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cristo

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The speed of light. What makes you think it is anything different?

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cristo

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There's no need to worry about black holes until you start studying general relativity.

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DaveC426913

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Light is not a particle that is attracted by gravity. Gravity is the curvature of spacetime such that light follows the shortest distance between two points. Near a black hole, the curvature is such that the light's path will lead into - and never out of - the black hole.

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We've had this discussion before.

However, the coordinate speed of light is not necessarily equal to 'c'.

One has to be very precise as to how the 'speed' is being measured.

Thus if you carry a clock, ruler, and a light source with you, and jump into a black hole, you will always measure the speed of the light from your light source (or from any external source, for that matter) to be equal to 'c', even when you fall into a black hole.

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Is it not possible for light to have orbits in the Schwarzschild geometry ?

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That rule belongs to

Pete

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We've had this discussion before.

Using local clocks and rulers, the speed of light in a vacuum is always equal to 'c', even in GR.

However, the coordinate speed of light is not necessarily equal to 'c'.

One has to be very precise as to how the 'speed' is being measured.

.

Pervect - can you give some examples - e.g., do you consider the one way sagnac correction used in GPS to be an example of a non "c" coordinate light speed?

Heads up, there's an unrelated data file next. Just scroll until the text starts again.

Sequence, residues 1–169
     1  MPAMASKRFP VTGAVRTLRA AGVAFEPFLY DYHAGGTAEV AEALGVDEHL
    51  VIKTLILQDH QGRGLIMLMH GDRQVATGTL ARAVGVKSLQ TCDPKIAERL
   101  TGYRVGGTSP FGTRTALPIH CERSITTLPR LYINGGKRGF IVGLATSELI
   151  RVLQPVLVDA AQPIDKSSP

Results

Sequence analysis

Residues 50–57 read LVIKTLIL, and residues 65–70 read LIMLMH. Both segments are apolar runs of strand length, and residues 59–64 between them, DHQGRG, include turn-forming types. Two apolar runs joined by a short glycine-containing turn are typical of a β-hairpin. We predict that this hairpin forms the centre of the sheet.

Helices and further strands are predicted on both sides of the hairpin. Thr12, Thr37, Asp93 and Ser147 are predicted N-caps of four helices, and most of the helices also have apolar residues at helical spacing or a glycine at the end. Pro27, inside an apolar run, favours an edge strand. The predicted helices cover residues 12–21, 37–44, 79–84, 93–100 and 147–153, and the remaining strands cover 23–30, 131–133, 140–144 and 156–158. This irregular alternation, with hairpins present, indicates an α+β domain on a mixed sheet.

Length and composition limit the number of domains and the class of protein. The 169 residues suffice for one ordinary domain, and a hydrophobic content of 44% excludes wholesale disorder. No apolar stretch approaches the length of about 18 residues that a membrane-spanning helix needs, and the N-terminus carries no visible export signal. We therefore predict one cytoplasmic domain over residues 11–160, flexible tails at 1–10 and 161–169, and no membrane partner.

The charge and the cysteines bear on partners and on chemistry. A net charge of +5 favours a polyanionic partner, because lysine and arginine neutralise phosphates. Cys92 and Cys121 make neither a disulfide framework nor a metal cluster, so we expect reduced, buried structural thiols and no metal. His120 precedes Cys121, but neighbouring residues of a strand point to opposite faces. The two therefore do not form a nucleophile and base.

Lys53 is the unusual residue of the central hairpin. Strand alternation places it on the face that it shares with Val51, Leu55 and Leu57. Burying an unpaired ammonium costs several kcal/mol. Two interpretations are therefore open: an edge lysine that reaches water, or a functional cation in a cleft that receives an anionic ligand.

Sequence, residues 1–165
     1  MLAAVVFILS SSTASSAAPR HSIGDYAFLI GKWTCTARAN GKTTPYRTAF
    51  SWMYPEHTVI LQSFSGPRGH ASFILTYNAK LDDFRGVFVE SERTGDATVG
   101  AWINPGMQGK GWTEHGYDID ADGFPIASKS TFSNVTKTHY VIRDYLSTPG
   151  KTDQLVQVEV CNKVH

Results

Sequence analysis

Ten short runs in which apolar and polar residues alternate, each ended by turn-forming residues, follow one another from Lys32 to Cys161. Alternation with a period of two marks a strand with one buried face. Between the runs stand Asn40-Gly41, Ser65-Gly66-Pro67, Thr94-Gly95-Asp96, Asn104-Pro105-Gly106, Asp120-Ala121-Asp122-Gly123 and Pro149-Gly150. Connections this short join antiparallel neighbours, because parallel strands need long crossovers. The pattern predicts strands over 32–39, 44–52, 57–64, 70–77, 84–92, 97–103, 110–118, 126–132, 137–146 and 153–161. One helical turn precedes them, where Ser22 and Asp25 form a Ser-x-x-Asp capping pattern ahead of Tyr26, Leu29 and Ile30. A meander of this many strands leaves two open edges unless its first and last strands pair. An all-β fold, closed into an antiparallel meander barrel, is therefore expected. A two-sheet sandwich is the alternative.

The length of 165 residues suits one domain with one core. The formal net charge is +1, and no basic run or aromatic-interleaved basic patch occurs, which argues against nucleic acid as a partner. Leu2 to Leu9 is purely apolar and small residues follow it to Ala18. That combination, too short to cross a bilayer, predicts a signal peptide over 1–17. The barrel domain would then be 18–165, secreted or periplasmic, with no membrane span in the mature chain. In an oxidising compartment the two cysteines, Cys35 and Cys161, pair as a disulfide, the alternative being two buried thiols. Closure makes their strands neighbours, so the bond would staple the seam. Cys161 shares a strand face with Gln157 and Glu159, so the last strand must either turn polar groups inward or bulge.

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Pervect - can you give some examples - e.g., do you consider the one way sagnac correction used in GPS to be an example of a non "c" coordinate light speed?

That's one example, I suppose. Another example would be the use of clocks and rulers "at infinity" in the Schwarzschild coordinate system, i.e. using schwarzschild r and t coordinates to measure 'speed'. It turns out that the 'speed' of light (or any other object falling into a black hole) is zero at the event horizon using this particular definition.

The point is that coordinate speeds vary all over the place in GR - only when you use local clocks and rulers is the speed of light constant.

To even talk about measuring the speed of light, one has to use a somewhat outdated notion of distance (basically, using a replica of the standard meter bar in Paris as the definition of distance). But if one does use this outdated definition of distance, and caries around a meter bar and a clock, relativity predicts that the measured speed of light is constant wherever one goes, including falling into a black hole.

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Thanks

Yogi

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This would seem to indicate a possible conflict with SR

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DaveC426913

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Is this helping the OP get his answer? Side discussions are one thing, but do you think discussions about the "sagnac correction" (which *I*'ve never even heard of) will help the OP?